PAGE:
IRENE , the name of several
See also:Byzantine empresses . I . IRENE (752--803), the wife of
See also:Leo IV., East
See also:Roman emperor . Originally a poor but beautiful Athenian
See also:orphan, she speedily gained the love and confidence of her feeble
See also:husband, and at his
See also:death'in 78o was
See also:left by him
See also:guardian of the
See also:empire and of their ten-
See also:year-old son
See also:Constantine VI . Seizing the supreme power in the name of the latter, Irene ruled the empire at ,her own discretion for ten years, displaying
See also:great firmness and sagacity in her
See also:government . Her most notable
See also:act was the restoration of the orthodox image-worship, a policy which she always had secretly favoured, though compelled to abjure it in her husband's lifetime . Having elected Tarasius, one of her partisans, to the patriarchate (784), she summoned two
See also:councils . The former of these, held in 786 at Constantinople, was frustrated by the opposition of the soldiers . The second, convened at Nicaea in 787, formally revived the adoration of images and reunited the Eastern church with that of Rome . As Constantine approached maturity he began to grow restive under her autocratic sway . An attempt to
See also:free himself by force was met and crushed by the empress, who demanded that the
See also:oath of fidelity should thenceforward be taken in her name alone . The discontent which this occasioned swelled in 790 into open resistance, and the soldiers, headed by the Armenian guard, formally proclaimed Constantine VI. as the sole ruler .
A hollow semblance of friendship was maintained between Constantine and Irene, whosetitle of empress was confirmed in 792; but the
See also:rival factions remained, and Irene, by skilful intrigues with the bishops and courtiers, organized a powerful
See also:conspiracy on her own behalf . Constantine could only flee for aid to the provinces, but even there he was surrounded by participants in the plot . Seized by his attendants on the
See also:shore of the
See also:Bosporus, the emperor was carried back to the palace at Constantinople; and there, by the orders of his
See also:mother, his eyes were stabbed out . An eclipse of the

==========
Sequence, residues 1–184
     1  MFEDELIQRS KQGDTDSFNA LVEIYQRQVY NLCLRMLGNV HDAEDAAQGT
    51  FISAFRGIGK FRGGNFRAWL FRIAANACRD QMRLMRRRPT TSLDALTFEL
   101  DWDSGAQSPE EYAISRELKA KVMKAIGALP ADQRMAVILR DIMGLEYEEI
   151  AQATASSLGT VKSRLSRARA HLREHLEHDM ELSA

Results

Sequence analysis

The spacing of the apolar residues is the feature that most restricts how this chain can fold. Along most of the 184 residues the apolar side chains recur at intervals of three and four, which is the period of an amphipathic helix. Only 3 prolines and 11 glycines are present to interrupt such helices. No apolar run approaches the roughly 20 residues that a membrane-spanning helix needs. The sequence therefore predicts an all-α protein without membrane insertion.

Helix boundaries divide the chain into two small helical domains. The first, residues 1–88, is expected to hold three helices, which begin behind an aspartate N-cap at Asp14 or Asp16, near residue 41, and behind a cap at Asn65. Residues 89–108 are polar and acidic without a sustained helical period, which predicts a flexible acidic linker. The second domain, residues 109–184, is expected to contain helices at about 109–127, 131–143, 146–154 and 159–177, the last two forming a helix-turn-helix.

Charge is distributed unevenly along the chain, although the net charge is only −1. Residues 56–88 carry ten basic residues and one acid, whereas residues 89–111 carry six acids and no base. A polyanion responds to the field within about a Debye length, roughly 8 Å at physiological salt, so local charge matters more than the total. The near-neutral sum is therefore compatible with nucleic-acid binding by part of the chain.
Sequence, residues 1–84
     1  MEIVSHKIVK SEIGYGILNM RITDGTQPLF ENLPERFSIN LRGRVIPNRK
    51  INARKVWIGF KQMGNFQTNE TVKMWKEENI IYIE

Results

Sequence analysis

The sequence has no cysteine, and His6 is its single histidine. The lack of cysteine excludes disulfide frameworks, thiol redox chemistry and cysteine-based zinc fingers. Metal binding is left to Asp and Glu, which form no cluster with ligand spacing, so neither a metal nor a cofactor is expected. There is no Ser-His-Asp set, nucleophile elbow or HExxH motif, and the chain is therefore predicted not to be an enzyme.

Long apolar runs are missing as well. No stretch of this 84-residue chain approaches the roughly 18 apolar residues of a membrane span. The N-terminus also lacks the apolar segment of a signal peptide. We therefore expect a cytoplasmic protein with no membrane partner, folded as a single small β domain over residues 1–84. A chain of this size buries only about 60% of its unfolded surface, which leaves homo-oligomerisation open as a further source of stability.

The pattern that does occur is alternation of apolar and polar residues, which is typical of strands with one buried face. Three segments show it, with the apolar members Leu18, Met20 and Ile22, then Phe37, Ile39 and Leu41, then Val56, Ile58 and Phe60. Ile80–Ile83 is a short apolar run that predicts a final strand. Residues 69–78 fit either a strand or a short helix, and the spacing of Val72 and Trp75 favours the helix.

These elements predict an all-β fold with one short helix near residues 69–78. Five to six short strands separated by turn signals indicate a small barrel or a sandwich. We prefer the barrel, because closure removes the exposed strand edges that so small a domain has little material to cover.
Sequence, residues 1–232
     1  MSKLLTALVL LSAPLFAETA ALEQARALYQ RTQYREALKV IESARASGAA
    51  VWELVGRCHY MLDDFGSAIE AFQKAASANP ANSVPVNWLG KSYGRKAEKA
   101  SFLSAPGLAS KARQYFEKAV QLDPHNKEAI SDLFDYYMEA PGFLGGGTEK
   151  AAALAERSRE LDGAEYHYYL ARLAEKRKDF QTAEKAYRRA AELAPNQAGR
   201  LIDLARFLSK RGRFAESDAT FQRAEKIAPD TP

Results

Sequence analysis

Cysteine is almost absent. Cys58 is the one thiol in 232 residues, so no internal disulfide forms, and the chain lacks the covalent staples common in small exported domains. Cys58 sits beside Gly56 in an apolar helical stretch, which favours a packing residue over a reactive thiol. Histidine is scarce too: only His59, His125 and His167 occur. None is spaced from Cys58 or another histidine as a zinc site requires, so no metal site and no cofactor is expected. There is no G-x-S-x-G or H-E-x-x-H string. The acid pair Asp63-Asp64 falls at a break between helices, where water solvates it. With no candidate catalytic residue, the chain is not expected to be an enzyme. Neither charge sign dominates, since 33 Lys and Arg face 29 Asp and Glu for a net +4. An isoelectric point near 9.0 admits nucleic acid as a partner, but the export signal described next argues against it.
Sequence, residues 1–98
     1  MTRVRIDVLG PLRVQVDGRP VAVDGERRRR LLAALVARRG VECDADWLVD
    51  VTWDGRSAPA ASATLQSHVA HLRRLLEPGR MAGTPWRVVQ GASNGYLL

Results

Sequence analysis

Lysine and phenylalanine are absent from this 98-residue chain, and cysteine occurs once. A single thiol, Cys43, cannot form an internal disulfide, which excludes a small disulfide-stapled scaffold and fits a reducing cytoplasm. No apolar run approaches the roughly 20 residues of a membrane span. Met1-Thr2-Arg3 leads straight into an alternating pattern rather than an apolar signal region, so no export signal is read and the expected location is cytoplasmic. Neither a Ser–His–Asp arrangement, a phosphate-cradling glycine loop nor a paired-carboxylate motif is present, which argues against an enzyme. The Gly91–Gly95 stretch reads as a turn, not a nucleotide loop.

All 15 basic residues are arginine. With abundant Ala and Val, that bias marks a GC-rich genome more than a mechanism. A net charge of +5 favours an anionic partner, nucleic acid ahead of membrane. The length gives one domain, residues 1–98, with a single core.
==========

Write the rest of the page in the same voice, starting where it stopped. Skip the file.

See also:sun and a darkness of seventeen days' duration were attributed by the
See also:common superstition to the horror of
See also:heaven . Irene reigned in prosperity and splendour for five years . She is said to have endeavoured to negotiate a
See also:marriage between herself and Charlemagne; but according to
See also:Theophanes, who alone mentions it, the
See also:scheme was frustrated by Aetius, one of her favourites . A projected
See also:alliance between Constantine and Charlemagne's daughter, Rothrude, was in turn broken off by Irene . In 802 the
See also:patricians, upon whom she had lavished every
See also:honour and favour, conspired against her, and placed on the
See also:throne Nicephorus, the
See also:minister of
See also:finance . The haughty and unscrupulous princess, " who never lost sight of
See also:political power in the height of her religious zeal," was exiled to
See also:Lesbos and forced to support herself by
See also:spinning . She died the following year . Her zeal in restoring images andmonasteries has given her a place among the
See also:saints of the Greek church . See E .
Gibbon, The Decline and Fall of the Roman Empire (ed . J . Bury,
See also:London, 189.6), vol. v.; G .
See also:History of
See also:Greece (ed . 1877,
See also:Oxford,) vol . 1i.; F . C . Schlosser, Geschichte der bilderstiirmenden Kaiser
See also:des ostromischen Reiches (
See also:Frankfort, 1812) ; J . D . Phoropoulos, Efpiep fi abroep6.m pa 'Pwµalwv (
See also:Leipzig, 1887) ; J . B . Bury, The Later Roman Empire (London, 1889), ii .
480-498 ; C . Diehl, Figures byzantines (
See also:Paris, 1906), pp . 77-109 . (M . O . B . C.) 2 . IRENE (C., Io66–c . 1120), the wife of Alexius I . The best-known fact of her
See also:life is the unsuccessful intrigue by which she endeavoured to divert the succession from her son
See also:John to Nicephorus
See also:Bryennius, the husband of her daughter Anna . Having failed to persuade Alexius, or, upon his death, to carry out a coup d'etat with the help of the palace
See also:guards, she retired to a monastery and ended her life in obscurity . 3 .
IRENE (d . 1161), the first wife of
See also:Comnenus . She was the daughter of the count of Sulzbach, and
See also:law of the Roman emperor
See also:Conrad II., who arranged her
See also:betrothal . The marriage was celebrated at Constantinople in 1146 The new empress, who had exchanged her earlier name of Bertha for one 'more
See also:familiar to the Greeks, became a devoted wife, and by the simplicity of her manner contrasted favourably with most Byzantine queens of the age . H. v . Kap-Herr, Die abendlandische Politik des Kaisers Manuel (Strassburg, 1881) .
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